David Gaffen, (Reuters) The oil industry has been hit by a simultaneous demand and supply shock in March as the coronavirus pandemic cuts fuel consumption and top producer Saudi Arabia raises output to full capacity to fight a price war with rivals.
International crude oil prices have lost about 45% this month and fallen below the cost of much of the world’s production, causing energy companies worldwide to slash spending by tens of billions of dollars.
The collapse in demand and of energy diplomacy between Saudi Arabia, Russia and others have triggered unprecedented responses from governments and investors. Here are ten signs of an industry in distress.
1. Saudi Arabia Goes All-in
Riyadh shocked the oil industry by going on the offensive after talks collapsed with Russia in early March on a deal to cut supply to compensate for how coronavirus was hitting demand.
Saudi Arabia slashed export prices and said it would pump at a record of 12.3 million barrels per day (bbl/d), pouring a flood of oil into a market that needed less. It lined up an armada of ships for export, targeting refiners that buy Russian crude, as well as the United States, wiping out profit margins for U.S. exports.
The moves were all the more shocking coming from a producer that for years has had a role akin to the industry’s central bank. The kingdom is the de facto leader of OPEC and for decades adjusted output more than any other oil producer to keep markets balanced.
2. Texas Considers Cutting Production? With OPEC?
Producers in top U.S. producing state Texas went to regulators—and asked them to intervene to cut production. Texas does not intervene that much. The last time was in 1973. To be sure, other Texas commissioners and oil industry groups have thrown cold water on the idea.
One of three Texas commissioners at the body that regulates the industry got a call from the secretary-general of OPEC to discuss the market. Commissioner Ryan Sitton said March 20 that Texas could consider a 10% output cut, possibly in coordination with that group. Before now, U.S. shale oil producers dared not consider coordinated cuts for fear of violating U.S. antitrust laws.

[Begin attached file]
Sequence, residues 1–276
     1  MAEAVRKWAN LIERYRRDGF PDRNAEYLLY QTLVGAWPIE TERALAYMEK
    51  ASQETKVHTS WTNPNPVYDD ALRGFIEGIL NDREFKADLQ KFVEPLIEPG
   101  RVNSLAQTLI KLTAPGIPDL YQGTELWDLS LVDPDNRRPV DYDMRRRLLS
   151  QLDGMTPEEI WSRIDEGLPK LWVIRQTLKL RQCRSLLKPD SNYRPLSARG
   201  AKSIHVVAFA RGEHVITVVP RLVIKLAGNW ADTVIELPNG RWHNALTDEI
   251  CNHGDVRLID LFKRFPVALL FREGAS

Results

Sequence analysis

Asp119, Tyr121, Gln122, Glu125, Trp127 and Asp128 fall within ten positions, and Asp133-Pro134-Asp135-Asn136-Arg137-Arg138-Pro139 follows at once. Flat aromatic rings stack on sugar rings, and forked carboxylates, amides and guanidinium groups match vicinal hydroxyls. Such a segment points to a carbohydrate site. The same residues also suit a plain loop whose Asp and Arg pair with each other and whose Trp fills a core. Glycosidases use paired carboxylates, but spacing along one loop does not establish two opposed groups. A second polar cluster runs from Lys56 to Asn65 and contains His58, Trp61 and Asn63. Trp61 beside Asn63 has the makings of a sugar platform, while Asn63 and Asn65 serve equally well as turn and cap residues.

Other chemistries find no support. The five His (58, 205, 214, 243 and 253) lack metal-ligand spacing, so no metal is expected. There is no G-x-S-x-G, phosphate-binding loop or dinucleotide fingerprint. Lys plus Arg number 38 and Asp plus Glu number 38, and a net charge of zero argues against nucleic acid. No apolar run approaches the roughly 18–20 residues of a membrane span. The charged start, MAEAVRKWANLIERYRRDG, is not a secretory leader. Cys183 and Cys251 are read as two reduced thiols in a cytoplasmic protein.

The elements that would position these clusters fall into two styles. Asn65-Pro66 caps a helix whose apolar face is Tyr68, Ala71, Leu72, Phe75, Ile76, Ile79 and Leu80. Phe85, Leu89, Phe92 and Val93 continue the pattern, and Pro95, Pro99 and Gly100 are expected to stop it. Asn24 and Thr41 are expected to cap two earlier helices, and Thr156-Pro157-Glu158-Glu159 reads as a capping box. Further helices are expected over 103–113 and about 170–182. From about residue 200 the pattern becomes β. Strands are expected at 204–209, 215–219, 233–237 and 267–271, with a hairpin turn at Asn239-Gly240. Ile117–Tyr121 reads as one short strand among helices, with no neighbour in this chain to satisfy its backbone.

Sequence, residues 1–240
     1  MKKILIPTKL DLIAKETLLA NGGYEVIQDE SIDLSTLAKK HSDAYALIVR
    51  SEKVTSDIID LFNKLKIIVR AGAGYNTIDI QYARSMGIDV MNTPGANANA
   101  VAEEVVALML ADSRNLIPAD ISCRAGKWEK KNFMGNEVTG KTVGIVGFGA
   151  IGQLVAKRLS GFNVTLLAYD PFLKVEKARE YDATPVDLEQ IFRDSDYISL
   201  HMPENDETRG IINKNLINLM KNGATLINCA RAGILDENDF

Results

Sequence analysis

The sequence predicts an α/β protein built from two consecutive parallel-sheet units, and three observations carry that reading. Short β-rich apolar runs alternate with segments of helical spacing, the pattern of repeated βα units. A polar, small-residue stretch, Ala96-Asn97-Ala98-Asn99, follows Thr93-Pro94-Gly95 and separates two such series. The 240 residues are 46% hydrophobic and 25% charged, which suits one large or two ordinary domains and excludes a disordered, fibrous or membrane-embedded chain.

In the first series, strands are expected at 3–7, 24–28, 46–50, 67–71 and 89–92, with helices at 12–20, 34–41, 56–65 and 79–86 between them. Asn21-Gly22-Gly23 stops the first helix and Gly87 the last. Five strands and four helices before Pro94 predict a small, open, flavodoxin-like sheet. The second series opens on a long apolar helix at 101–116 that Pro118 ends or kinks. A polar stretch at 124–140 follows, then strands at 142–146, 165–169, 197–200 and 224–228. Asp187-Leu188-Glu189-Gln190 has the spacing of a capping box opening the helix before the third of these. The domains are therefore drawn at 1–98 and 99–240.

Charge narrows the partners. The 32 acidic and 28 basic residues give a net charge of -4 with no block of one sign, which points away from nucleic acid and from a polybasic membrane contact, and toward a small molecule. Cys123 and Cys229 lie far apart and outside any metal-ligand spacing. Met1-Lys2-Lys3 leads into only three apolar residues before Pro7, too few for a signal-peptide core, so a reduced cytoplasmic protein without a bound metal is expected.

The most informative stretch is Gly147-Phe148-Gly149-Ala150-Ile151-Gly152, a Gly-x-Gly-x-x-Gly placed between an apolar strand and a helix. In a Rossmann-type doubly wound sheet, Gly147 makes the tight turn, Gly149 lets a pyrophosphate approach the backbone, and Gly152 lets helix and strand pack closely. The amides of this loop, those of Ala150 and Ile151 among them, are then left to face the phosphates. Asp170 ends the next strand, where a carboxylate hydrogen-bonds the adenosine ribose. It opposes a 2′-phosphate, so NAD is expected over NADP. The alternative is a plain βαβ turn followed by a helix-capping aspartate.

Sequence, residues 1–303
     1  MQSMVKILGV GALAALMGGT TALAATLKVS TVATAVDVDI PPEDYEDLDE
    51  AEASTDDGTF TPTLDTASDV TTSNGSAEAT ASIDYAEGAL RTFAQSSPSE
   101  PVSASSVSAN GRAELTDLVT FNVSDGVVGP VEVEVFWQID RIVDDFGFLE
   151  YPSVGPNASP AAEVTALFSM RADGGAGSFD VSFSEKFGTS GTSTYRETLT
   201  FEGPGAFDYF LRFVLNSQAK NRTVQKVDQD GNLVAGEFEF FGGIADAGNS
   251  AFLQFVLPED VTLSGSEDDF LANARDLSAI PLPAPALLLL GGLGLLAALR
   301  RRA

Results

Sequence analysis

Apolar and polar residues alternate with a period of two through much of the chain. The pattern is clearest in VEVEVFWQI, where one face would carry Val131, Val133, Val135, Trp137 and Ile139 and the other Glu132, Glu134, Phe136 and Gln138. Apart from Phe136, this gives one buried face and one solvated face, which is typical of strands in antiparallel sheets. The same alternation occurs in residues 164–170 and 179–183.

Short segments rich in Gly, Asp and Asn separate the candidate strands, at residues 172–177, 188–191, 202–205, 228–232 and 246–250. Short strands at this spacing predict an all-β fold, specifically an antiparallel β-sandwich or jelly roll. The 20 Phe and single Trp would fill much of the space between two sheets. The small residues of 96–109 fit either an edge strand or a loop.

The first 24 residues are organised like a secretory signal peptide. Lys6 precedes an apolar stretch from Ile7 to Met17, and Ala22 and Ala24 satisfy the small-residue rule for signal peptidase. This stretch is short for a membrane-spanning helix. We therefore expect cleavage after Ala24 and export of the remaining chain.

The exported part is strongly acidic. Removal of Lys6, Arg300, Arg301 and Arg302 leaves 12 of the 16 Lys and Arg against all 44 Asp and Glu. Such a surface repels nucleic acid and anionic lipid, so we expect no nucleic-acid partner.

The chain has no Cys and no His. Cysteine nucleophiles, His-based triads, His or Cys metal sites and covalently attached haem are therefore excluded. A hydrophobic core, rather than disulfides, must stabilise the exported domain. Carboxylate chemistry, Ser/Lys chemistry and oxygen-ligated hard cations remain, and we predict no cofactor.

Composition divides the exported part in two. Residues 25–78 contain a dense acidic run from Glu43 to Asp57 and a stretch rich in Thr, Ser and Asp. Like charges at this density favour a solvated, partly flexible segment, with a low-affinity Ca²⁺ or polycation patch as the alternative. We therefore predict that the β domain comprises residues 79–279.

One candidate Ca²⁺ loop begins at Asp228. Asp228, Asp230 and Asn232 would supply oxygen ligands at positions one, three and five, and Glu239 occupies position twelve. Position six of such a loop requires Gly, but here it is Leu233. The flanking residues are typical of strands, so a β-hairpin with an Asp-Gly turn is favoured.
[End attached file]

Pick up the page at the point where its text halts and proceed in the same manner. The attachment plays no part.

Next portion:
3. Historic Selloffs
Three of the steepest declines in benchmark Brent crude have taken place in the last two weeks – March 9, March 16, and March 18
On March 9, Brent dropped 24%.
On March 16, Brent dropped 11%
On March 18, Brent dropped 13%.
On March 23, the U.S. gasoline market plummeted the most ever in one day, as futures lost 32% to hit a record low.
4. Jet Fuel in Storage
Jet fuel deteriorates quickly in storage, and then it cannot be used. Yet demand has fallen so fast as airlines ground aircraft around the world that firms including oil majors BP Plc and Royal Dutch Shell Plc both sought to lease ships just to store unneeded jet fuel.
5. Refining Gasoline Costs Money
You want to make gasoline? It’ll cost you. On Monday, the margins to produce U.S. gasoline—the price for a barrel of oil minus a barrel of gasoline—closed at a negative price, which means refiners would lose money buying crude to make the fuel. Gasoline typically drives the energy complex, as fuel for vehicles accounts for most oil demand worldwide. The margin fell to minus $1.11 a barrel on March 23, its lowest since 2008.
6. Russia Digs In, Rosneft Celebrates Shale Woes
Rosneft CEO Igor Sechin was unwilling to give ground as the U.S. shale industry faced collapse. Oil prices could go back to $60 a barrel if “shale oil leaves markets,” he said March 20. On March 23, his rival, Lukoil co-owner Leonid Fedun, said “this will be a war until exhaustion.”
7. Ethanol? Never Mind
Corn and sugar supplies look set to rise this year as fuel suppliers make less ethanol for blending into gasoline. Companies such as France’s Tereos are shifting ethanol production to industrial uses like hand sanitizer, while sugar producers in Brazil are aiming to make more of the sweetener rather than the fuel.
8. Late-day Craziness
Volatility in oil markets has been exacerbated as oil companies stay out. That leaves speculators, and makes for rapid moves in prices around the close of trading. Thursday’s rally was so great that post-close trading had to stop; Friday was the reverse, with prices that dove by $4 at the end of trading.
“It’s a crazy market. I don’t know how to trade this,” one futures trader said.
9. Refiners Stay Shut
French major Total SA shut its Grandpuits refinery, located outside of Paris, early in March for maintenance. When it was time to restart the 102,000 bbl/d facility, Total said…never mind. Demand weakened so quickly that it figured it would just keep it offline. While others have closed, major refiners outside Los Angeles, California, have curtailed production because of lackluster demand.
10. Petrol Pumping Becomes Unsafe
One of the nations hit worst by the coronavirus pandemic, Italy, is simply shutting its petrol stations. They started to close on March 25 on the nation’s motorways, operators there said, because it was impossible to guarantee health safety standards and keep businesses going.
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